When the Middlesex Canal went into operation it was the greatest work of internal improvement in America. It had been twenty-two years in operation when in October, 1825, DeWitt Clinton made his triumphant passage from Lake Erie to the Hudson river. Like many more recent works it produced a large indirect benefit. It was said by Daniel Webster to have added $5,000,000 to the value of the New Hampshire forests.

Commencing at the Merrimac River in Chelmsford, at a point just above the present "Middlesex" station of the Nashua and Lowell railway, the canal ascended through a connected flight of three stone locks, the location of which may plainly be seen by the deep depression on the line of the canal between the hotel and the railway, and directly in front of a small house, which was formerly the canal office. Passing under the Main street at Middlesex village, and over an aqueduct across Black Brook, it continued across the long swamp to River Meadow Brook, and thence to Billerica Mills, where it entered the Concord river mill-pond through a stone guard lock, which is still standing in the yard of Governor Talbot's mill. The tow-path was carried across the pond on a floating bridge or raft, and the canal, passing out through another guard lock just south of the road, continued on to Shawsheen River, which was crossed by a wooden trunk about 40 feet long, supported by two abutments and a pier of stone. This masonry is still to be seen directly below the common road, and from its considerable height must have been one of the most imposing works upon the line. Half a mile further south was Nichols' lock, and a mile and a half further Gillis' or Jacques' lock.

About two miles further, and near the Poor Farm, in Wilmington, the canal crossed Maple Meadow Brook, and made an abrupt bend called the Ox-Bow. A mile further south the canal entered the town of Woburn, running along close to the west side of the traveled road, passing under it near Wilson's tavern, running a little east of the village of North Woburn, crossing the road nearly in front of the Baldwin Place, and continuing through the western part of Woburn village, passing the rear of the present public library, it soon after reached the site of one of the chief engineering features on the route, the Horn Pond or Stoddard's locks.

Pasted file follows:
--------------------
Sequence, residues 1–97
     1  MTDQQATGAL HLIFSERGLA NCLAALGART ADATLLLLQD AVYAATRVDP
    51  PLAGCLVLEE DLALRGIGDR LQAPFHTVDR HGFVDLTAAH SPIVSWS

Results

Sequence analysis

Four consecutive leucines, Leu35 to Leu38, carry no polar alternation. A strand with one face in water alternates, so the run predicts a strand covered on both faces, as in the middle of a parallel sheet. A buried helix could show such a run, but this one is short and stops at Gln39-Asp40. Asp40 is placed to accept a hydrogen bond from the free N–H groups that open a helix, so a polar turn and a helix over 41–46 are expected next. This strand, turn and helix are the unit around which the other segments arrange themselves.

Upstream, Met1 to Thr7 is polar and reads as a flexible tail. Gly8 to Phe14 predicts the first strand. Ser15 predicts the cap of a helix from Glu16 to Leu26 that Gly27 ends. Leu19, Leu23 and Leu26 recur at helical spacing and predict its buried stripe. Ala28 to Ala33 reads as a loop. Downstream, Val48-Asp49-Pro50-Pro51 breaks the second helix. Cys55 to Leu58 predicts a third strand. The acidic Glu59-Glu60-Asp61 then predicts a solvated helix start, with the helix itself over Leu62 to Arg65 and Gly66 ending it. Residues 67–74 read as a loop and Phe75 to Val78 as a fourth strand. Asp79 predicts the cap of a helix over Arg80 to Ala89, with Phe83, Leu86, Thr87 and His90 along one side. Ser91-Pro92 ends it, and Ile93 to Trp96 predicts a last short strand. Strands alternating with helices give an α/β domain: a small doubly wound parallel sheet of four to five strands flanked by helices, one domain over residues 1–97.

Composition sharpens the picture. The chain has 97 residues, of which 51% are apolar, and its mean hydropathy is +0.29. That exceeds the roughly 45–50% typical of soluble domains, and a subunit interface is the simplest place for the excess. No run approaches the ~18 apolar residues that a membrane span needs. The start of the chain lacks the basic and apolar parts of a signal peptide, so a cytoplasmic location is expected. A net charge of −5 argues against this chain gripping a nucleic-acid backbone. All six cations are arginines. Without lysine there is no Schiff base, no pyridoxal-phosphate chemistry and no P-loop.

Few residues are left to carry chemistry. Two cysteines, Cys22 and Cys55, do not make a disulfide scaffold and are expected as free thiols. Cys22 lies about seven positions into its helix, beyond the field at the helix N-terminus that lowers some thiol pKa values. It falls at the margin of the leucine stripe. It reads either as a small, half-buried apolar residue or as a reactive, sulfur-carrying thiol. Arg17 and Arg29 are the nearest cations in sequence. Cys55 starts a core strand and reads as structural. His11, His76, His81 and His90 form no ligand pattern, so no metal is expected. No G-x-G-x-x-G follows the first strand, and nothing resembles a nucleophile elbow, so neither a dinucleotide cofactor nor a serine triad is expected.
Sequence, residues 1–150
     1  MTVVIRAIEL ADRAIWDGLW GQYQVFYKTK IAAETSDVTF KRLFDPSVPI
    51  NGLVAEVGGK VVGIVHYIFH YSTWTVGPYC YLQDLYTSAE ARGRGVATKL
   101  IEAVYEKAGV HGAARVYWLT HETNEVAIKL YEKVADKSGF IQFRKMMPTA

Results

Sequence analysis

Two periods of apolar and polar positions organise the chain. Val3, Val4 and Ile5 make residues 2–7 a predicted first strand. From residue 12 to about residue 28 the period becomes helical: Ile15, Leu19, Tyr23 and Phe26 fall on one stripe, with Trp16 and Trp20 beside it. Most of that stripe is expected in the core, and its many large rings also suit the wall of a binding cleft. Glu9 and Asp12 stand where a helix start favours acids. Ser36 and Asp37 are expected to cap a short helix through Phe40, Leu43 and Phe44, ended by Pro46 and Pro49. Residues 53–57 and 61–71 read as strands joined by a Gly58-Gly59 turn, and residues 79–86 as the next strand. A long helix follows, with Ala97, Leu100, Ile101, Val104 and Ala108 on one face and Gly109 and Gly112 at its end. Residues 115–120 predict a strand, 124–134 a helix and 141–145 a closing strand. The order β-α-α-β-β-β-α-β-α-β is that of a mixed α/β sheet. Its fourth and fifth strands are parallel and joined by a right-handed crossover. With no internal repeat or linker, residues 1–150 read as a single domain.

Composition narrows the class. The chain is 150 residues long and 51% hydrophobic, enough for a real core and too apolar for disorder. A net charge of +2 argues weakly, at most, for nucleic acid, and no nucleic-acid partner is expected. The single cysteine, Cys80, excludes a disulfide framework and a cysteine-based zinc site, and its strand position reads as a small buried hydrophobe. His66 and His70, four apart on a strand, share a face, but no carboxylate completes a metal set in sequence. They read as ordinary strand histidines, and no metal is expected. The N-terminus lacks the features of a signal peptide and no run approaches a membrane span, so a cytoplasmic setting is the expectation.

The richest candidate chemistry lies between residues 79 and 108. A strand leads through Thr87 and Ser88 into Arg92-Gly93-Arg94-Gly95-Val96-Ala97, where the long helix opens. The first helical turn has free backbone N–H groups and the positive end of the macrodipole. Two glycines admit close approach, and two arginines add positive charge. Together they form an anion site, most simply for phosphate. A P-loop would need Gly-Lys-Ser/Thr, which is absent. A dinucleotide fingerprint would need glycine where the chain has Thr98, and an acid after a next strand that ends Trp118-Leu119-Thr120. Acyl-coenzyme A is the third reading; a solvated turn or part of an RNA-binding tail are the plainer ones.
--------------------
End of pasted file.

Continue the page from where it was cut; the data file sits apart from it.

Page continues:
At this point the canal made a descent of 50 feet by three sets of double locks, the middle set being separated from at above and below by a basin-like expansion or widening of the canal, by which the draft of water by locking was equalized. Half a mile further, and just south of the crossing of the outlet stream from Horn Pond, was a stone lock, and a mile and a half further, and just north of Abbajona River, were Gardner's locks, which were double.

From this point the canal ran close along the shore of Medford Pond, passed through the fine grounds of Peter C. Brooks, where there is still standing a handsome elliptic stone arch built to carry a farm road over the canal. Half a mils further south was Gilson's lock, and directly afterward the aqueduct over Mystic River. The present highway bridge rests on the piers of the old aqueduct, which have been built up to suit the grade of the present road.

From this point the canal turned east, passing under the Lowell Railroad (though the canal was built first). The wing walls of the way under the railway may still be seen cropping out of the embankment, and the bed of the canal is quite plain to the eastward of the railroad for some distance. Just in front of the old Royal House the canal passed under the road, now called Main street, and at this point a side or branch canal about a fourth of a mile long, with a lock and a basin at the upper end and a lock at the lower end, led to the river, passing under the old Medford turnpike, and entering just below the bridge. This branch was used for transferring ship timber to Mystic River.